April 29, 2020

Thoughts on Earth Day Regarding Responsible Environmental Policies

To the Editor:

As I write this on Earth Day 2020, I find myself thinking back to Earth Day 1970. On that day, 50 years ago, after participating in the first Earth Day Rally, a number of us went down to Carnegie Lake. A badly deteriorated road ran along the north shore of the lake from Washington Road to Broadmead. With the support of the University, we dug up portions of the old road and planted trees to enhance the beauty and cleanliness of the lakeshore.

Those small events, and thousands more like them around the country, marked the beginning of an environmental movement that led to the creation of the Environmental Protection Agency, the Clean Air Act, the Clean Water Act, the Toxic Substances Control Act, the Endangered Species Act, and many other milestones in the protection of our health and well-being, all of which the current administration is tragically dismantling.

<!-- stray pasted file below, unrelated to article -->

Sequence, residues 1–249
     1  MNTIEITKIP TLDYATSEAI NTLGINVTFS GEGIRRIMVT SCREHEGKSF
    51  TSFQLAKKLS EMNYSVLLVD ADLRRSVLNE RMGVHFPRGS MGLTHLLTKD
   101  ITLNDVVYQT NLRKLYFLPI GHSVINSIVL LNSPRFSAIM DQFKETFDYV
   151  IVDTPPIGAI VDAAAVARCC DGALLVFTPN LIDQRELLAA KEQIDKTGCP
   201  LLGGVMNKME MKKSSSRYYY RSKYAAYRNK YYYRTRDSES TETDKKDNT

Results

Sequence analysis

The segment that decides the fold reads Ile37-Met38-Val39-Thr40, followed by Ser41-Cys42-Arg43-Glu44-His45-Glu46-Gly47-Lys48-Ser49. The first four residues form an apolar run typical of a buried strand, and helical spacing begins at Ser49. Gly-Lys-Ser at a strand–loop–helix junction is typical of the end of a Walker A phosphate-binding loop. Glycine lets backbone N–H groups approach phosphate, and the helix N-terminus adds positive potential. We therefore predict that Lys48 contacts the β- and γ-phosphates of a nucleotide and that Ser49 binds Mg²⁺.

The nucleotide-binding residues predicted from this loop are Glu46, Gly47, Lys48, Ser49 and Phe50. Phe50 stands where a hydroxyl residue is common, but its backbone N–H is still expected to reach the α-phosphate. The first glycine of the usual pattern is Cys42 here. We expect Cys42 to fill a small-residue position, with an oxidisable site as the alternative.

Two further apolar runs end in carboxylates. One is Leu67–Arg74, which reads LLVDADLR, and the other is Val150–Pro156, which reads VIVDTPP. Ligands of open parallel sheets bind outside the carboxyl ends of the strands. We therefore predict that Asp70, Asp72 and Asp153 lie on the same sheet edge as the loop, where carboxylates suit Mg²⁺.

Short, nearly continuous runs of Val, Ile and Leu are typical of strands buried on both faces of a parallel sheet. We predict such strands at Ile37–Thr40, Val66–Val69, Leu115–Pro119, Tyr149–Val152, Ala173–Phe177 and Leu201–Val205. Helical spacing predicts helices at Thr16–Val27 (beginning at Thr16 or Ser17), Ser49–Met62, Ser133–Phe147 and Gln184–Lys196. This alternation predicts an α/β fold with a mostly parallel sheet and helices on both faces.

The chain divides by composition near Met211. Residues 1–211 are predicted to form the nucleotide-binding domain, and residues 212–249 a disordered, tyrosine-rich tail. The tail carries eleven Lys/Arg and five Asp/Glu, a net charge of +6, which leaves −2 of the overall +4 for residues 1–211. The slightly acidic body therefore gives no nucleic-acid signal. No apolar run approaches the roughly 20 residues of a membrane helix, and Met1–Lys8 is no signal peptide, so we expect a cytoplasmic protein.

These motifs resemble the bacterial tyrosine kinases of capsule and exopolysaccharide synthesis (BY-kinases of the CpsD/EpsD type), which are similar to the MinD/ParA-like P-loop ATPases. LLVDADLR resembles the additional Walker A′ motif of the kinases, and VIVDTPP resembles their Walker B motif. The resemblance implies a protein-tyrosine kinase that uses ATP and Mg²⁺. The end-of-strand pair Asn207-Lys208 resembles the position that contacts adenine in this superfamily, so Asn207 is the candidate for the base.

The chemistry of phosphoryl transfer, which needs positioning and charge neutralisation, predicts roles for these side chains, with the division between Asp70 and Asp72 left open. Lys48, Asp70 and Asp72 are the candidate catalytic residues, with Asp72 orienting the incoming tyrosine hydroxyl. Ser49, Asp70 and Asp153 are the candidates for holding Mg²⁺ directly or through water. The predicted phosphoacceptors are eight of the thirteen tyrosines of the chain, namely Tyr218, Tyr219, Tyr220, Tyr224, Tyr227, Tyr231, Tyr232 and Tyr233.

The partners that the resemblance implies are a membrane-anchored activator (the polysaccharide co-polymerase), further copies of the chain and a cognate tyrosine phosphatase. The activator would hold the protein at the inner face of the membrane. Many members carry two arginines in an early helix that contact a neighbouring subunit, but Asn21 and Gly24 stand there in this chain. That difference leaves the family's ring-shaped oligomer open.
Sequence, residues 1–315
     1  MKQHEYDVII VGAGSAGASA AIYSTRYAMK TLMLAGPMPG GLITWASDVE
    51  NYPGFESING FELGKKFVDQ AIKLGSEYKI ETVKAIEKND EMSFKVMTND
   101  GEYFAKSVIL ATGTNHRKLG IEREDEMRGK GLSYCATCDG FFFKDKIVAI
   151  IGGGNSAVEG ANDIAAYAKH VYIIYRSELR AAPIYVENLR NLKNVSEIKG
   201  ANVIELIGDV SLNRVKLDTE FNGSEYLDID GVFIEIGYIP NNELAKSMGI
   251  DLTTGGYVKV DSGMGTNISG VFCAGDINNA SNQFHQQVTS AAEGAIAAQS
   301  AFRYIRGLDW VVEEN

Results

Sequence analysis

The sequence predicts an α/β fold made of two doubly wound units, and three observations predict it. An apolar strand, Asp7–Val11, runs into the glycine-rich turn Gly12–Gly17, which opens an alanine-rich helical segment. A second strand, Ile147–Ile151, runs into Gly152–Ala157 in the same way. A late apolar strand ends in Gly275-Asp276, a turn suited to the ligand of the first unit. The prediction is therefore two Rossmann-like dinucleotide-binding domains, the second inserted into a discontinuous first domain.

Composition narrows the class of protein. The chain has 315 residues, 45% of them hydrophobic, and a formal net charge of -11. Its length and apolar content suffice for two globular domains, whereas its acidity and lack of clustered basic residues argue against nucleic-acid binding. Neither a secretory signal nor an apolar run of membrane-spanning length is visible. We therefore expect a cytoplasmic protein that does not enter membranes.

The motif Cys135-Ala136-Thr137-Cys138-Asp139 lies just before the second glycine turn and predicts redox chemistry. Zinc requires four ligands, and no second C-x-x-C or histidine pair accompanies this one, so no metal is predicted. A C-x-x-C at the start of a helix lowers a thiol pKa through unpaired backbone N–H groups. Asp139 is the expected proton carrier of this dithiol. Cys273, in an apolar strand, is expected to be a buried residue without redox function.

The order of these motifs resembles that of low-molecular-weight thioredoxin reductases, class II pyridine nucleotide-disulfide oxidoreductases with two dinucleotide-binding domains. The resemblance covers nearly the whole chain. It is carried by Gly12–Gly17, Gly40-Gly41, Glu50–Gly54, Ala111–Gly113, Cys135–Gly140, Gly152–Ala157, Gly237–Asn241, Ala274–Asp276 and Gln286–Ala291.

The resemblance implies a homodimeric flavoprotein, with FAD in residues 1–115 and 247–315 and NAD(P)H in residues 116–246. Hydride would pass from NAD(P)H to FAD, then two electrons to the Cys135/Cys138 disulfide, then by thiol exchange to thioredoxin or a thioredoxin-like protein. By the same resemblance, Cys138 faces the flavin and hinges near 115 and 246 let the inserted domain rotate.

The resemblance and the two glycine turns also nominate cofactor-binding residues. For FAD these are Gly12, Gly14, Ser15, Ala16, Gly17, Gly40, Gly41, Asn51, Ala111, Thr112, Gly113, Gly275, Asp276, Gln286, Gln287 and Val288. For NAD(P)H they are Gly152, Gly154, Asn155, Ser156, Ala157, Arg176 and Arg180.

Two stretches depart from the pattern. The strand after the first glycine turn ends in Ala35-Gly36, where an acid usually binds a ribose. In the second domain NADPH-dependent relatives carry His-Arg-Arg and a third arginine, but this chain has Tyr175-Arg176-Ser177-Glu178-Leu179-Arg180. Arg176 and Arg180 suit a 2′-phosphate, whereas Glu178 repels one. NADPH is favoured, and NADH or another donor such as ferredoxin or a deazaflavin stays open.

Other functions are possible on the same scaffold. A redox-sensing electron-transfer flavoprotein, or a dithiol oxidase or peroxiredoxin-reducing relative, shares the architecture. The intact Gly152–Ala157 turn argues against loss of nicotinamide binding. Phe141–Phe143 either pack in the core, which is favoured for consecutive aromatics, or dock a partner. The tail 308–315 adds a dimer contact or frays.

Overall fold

Paradoxically, the COVID-19 pandemic, as horrible as it is, is having one beneficial effect. I’m sure I’m not the only one to have noticed how clean our air has been in the last few weeks because of fewer cars and trucks on the roads and fewer planes in the air. (Residents of Northern India are reportedly able to get views of the Himalayas for the first time in decades.)

I’m certainly not suggesting that the economy should remain shut down any longer than is necessary to keep us safe from the current pandemic; but this beautifully clear air does offer a hint of the air quality that we might be able to achieve once we adopt responsible environmental policies that wean us from our addiction to fossil fuels.

So I propose that on this Earth Day we commit ourselves to two goals: first, to remove the current White House occupant at the ballot box in November, and having done so, restore the environmental protections that the administration is so determined to undermine; and second, to continue to build on the environmental gains that have been made in the last 50 years, so that in the decades to come our grandchildren will inherit a cleaner and more sustainable planet.

Bill Dix
Snowden Lane